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WHO Says Global Suicide Rate Huge But Largely Preventable - 2004-09-08

The World Health Organization says suicide is a huge but largely preventable public health problem. To mark World Suicide Day, which falls on Friday, WHO is calling for global action to prevent these needless and tragic deaths.

The World Health Organization reports suicide causes almost half of all violent deaths worldwide. Every year, it says nearly one million people die by their own hands. It estimates this number could rise to 1.5 million by 2020 if urgent action to curb suicide is not taken.

Jose Bertolote coordinates WHO's Mental Health and Brain Disorder Division. He acknowledges the pain of those who kill themselves. But, says their suffering extends to their families and friends whose lives are devastated emotionally, socially and economically.

"Something like five to 10 people will be affected," Dr. Bertolote says. "That is what we call survival suicide and some of those people will be survivors for the rest of their lives meaning they will bereave , they will suffer, they will have a kind of suffering for the rest of their lives. So, if you multiply five or 10 per almost one million, you have every year a bunch of five to 10 million people being added to this group of people suffering because one committed suicide.

Among countries reporting suicide, WHO says the highest rates are found in Eastern Europe and the lowest in Latin America, in Muslim countries and in a few of the Asian countries. Little information on suicide from African countries is available.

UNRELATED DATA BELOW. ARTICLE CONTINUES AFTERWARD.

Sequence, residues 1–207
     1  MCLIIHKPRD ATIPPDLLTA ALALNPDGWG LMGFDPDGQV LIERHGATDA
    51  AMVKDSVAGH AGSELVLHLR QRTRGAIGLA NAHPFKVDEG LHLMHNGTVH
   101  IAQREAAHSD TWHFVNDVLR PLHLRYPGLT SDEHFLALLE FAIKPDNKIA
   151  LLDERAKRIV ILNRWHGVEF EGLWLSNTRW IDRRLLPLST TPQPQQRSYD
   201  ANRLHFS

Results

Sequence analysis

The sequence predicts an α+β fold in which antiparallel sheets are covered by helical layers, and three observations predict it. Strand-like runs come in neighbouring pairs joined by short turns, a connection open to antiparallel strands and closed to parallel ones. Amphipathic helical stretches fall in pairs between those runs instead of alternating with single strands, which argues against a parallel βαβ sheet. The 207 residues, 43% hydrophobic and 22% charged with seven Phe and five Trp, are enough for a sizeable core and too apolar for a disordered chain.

It says suicide rates increase with age, although, recently, there has been an alarming increase in suicidal behavior among young people. With the exception of rural China, WHO reports more men than women commit suicide. But, it says in most places more women than men attempt suicide. Common risk factors include poverty, unemployment, loss of loved ones, alcohol and drug abuse and mental disorders.

Dr. Bertolote says the most common methods are pesticides, firearms and medication. In Asia, for example, he says women, in particular, commonly use pesticides to commit suicide.

"If you go to the house of farmers, there are pesticides-highly lethal-which are forbidden in developed countries and are easily available," Dr. Bertolote says. "This creates a huge potential for suicide and is a major risk factor. Another risk factor is guns. Having a number of guns at home is clearly associated with the risk of suicide. So, the legislation allowing or controlling the availability of hand guns can be very effective in preventing or promoting suicide."

The World Health Organization says suicide is preventable. It says early identification of people at risk and appropriate treatment of mental disorders can help prevent suicides.

Health experts say the vast majority of suicidal people do not want to die. They say strategies, such as psychosocial interventions and suicide prevention centers can help people at risk.